One way is to offer something different - which is a lot easier said than done in a small country with so many super courses - but this is clearly the route adopted by Forrester Park, near Dunfermline.
In a nutshell: the golf is good, the clubhouse magnificent and the dining superb. But there's more. Golf is a business and no business will succeed if it doesn't attract customers back time and again, so both service and facilities have to be first-class and here is probably where Forrester Park will survive and prosper while many others would not.
To pick just one example you need look only at the clubhouse. Seen from the course (from where you get the best view) it is an attractive but fairly unremarkable building - and then you step inside. The feel, flavour and dicor are all reminiscent of a centuries-old stately manor or castle, with high ceilings, moulded cornices on the walls, marble floors, leather armchairs and that quietly confident feel of old money. And yet part of the building used to be a cow byre and none of the dicor is more than three years old. It offers an astonishing example of what can be achieved with some money but significantly more good taste and hard work.
The hardest trick of all, though, is to produce something that looks as if it wafted from the pages of Country Living or Tatler magazines and yet feels welcoming, friendly, down-to-earth and very much geared to the needs of golfers - yet Forrester Park manages it with aplomb. The feel of quietly understated luxury even extends through to the locker rooms, which would not look out of place at Loch Lomond, Gleneagles or Skibo Castle.
But if, like me, you feel uncomfortable in posh restaurants where a snotty maitre' de always seem to wear an expression of mild distaste that lowlife such as us should presume to enter his fiefdom, fear not because Forrester Park is nothing like that. It has, instead, pulled off the tough balancing act of being elegant without being elitist, smart but not stuck-up, and it offers class and comfort without condescension.
But before you sample the aprhs golf you'll want to test yourself against the course. Forrester Park is almost neatly summarised by its first hole (pictured over), a strategic, thinking test that relies more on precision than power, and accuracy rather than brute strength or distance. It is only 317 yards, so a drive and flick should see you home but a water hazard runs across the far side of the fairway, and both meander from right to left. But find the short grass from the tee, (with a long iron by most and a wood for shorter hitters) and the stream now snakes across the front left of the green. No matter where you put the ball, the stream is in play on both your drive and approach and anyone who walks off with a four will be pleased. It offers proof yet again, if it were needed, that some of the best par fours in the world are short holes.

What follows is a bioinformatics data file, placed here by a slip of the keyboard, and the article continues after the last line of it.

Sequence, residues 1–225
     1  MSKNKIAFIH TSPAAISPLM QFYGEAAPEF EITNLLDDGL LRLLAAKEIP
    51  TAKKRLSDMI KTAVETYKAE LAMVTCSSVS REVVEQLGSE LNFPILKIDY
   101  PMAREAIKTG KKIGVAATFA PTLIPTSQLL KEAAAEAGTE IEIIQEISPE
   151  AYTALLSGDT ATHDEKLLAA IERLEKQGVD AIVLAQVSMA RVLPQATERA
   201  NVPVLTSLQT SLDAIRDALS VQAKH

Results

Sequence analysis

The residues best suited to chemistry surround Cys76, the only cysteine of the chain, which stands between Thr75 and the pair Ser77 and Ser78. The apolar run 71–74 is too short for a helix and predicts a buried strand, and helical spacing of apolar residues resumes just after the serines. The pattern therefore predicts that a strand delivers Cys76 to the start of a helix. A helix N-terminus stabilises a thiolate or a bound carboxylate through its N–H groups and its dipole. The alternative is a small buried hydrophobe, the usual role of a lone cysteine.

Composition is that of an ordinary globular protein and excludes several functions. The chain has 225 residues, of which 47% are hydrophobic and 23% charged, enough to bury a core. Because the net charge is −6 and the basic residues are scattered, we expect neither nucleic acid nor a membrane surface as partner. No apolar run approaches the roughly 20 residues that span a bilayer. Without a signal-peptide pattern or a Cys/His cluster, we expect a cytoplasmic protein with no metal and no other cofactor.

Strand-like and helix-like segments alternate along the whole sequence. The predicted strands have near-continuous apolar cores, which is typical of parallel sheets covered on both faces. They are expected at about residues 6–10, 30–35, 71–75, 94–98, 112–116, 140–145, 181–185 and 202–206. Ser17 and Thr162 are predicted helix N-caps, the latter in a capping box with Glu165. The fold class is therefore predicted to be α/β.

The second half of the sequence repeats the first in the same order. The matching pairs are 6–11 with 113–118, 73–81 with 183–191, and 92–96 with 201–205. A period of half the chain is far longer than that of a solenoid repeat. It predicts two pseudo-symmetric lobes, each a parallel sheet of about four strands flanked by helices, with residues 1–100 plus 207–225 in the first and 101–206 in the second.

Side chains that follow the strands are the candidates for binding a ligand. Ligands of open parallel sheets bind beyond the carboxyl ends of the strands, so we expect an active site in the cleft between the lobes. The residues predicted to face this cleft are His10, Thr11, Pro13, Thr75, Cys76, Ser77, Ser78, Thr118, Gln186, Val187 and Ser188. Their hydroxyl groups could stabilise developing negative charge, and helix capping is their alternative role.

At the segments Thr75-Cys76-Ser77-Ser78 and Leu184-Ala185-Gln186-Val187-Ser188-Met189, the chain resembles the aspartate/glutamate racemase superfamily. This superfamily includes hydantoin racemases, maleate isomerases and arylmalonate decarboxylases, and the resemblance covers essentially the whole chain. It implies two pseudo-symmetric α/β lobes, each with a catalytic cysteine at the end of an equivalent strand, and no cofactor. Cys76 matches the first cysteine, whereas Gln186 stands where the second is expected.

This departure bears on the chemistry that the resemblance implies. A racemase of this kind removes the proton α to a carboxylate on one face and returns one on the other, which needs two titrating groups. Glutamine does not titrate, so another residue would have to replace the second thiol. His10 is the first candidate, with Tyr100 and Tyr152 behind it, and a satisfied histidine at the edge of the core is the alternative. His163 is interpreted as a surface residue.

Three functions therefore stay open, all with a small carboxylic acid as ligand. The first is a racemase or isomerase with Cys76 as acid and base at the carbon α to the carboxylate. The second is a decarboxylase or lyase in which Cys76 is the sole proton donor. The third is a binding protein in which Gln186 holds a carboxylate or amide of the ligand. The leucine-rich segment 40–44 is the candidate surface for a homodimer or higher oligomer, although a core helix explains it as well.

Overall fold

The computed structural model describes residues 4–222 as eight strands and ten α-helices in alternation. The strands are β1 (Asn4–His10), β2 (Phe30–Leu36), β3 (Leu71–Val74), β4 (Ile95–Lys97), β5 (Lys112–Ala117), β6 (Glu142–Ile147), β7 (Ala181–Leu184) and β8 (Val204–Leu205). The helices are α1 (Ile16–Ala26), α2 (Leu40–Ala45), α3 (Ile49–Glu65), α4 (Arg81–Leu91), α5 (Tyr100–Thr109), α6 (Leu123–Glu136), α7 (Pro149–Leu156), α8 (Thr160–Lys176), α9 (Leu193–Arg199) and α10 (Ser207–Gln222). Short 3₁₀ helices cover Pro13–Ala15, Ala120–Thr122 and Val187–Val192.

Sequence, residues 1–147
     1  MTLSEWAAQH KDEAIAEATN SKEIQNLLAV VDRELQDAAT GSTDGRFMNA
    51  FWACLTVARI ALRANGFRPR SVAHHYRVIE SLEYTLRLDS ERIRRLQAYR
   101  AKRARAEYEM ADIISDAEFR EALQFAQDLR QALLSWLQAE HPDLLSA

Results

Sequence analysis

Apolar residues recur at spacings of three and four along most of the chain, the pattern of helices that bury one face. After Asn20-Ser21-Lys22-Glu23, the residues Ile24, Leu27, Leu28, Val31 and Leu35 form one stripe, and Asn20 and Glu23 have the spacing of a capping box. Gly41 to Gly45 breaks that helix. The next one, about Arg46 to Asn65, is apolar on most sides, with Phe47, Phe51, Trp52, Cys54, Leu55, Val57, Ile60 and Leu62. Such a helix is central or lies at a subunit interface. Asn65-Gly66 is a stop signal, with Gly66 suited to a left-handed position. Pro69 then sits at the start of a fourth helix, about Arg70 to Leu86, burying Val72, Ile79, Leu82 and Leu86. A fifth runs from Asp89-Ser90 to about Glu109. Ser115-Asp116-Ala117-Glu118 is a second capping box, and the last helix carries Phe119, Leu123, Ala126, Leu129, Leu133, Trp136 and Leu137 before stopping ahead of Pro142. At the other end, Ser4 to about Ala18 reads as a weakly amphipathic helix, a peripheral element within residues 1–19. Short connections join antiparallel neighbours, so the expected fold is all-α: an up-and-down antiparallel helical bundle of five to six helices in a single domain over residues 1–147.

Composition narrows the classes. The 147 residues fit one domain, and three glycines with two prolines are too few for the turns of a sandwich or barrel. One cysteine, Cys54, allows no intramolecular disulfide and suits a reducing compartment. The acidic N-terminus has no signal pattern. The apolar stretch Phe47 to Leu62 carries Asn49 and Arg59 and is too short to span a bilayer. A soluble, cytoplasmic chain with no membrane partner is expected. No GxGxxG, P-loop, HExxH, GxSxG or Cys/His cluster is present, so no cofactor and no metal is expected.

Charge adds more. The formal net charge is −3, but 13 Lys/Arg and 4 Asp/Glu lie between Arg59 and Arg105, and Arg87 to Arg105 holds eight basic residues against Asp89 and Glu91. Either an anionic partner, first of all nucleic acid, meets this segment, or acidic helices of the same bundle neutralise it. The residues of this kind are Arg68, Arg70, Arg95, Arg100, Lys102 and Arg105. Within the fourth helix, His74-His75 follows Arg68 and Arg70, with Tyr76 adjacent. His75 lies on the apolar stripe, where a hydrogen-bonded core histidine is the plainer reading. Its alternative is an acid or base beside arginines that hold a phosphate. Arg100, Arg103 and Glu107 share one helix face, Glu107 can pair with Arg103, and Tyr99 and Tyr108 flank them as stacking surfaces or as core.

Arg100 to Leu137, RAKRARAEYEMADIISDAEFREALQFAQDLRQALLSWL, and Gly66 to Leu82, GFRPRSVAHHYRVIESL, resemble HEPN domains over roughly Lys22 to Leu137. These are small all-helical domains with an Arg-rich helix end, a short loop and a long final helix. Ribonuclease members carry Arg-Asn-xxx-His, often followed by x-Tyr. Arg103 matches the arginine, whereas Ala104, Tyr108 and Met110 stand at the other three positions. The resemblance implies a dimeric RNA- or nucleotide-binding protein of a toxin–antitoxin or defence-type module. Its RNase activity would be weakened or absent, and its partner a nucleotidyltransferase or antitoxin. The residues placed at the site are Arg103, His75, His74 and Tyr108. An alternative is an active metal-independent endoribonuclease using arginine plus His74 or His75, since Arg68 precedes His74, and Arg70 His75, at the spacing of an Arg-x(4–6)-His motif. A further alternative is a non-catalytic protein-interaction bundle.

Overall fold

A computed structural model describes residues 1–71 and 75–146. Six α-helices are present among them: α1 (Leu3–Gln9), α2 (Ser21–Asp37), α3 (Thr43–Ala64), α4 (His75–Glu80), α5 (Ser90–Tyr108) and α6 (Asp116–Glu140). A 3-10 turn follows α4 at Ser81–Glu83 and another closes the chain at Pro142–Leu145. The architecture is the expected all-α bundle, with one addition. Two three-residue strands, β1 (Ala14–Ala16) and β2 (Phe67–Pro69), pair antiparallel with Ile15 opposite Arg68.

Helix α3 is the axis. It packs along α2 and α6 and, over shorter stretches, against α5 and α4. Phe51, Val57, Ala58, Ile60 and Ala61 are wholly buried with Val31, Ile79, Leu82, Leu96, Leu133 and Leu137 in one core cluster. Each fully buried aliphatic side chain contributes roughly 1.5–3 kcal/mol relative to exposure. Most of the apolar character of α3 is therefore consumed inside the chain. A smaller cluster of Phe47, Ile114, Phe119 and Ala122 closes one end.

And that experience is repeated several times during the round - water is in play on nine holes but, with the possible exception of eight and 17 from the medal tees, heroic carries are not required and where you put the ball is more important than how far you put it. The course is shaped around a natural valley with some holes being on the far side, some on the clubhouse side and several straddling it - and the stream and water hazards that sit at the bottom of it.
The overall length is 6,299 yards (yellow tees) and 6,760 (medal tees) it's a par 72 with two par threes and two par fives on the front nine, but only one of each on the back. There are few fairway bunkers but more are being added all the time and the greens are large - and incidentally built to USGA specifications and in summer, I suspect, frighteningly fast. They are also well contoured and in 18 holes I only faced one straight putt - which I missed through not having seen a subtle left-to-right borrow.
It's debateable how much relevance this has but in my group there were handicaps of seven, eight and 10, two biggish-hitters and one who is not (me) and yet we each played a match against the other two and all were only decided on the final hole. To my mind that's evidence of a fair test but a neutral observer might argue that we all played equally badly.
What we agreed on, though, is that the round was immensely enjoyable and, in the bar afterwards we could all recall most if not all the holes after just the one visit - always a good sign of a literally memorable course. Because of the valley the layout bestrides, a number of drives are blind but that just makes you want to go back and play them again, now you know where you're trying to go. It has, inevitably, some of the pitfalls associated with a new layout (it opened in July 2001; the first new course in the Dunfermline area since 1950), such as plantations of newly-planted trees - from which you get relief without penalty - and that indefinable 'not been here long' appearance but this is unavoidable.